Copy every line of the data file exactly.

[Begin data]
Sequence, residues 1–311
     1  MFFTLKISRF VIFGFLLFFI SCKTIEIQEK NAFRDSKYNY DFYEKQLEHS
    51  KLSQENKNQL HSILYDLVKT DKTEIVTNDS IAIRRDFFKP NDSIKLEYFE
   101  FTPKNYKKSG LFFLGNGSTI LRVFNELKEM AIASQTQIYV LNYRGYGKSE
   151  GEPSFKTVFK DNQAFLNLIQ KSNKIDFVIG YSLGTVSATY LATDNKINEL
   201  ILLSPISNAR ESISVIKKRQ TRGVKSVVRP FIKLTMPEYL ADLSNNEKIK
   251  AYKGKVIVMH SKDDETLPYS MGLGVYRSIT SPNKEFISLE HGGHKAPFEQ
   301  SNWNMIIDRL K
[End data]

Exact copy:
Sequence, residues 1–311
     1  MFFTLKISRF VIFGFLLFFI SCKTIEIQEK NAFRDSKYNY DFYEKQLEHS
    51  KLSQENKNQL HSILYDLVKT DKTEIVTNDS IAIRRDFFKP NDSIKLEYFE
   101  FTPKNYKKSG LFFLGNGSTI LRVFNELKEM AIASQTQIYV LNYRGYGKSE
   151  GEPSFKTVFK DNQAFLNLIQ KSNKIDFVIG YSLGTVSATY LATDNKINEL
   201  ILLSPISNAR ESISVIKKRQ TRGVKSVVRP FIKLTMPEYL ADLSNNEKIK
   251  AYKGKVIVMH SKDDETLPYS MGLGVYRSIT SPNKEFISLE HGGHKAPFEQ
   301  SNWNMIIDRL K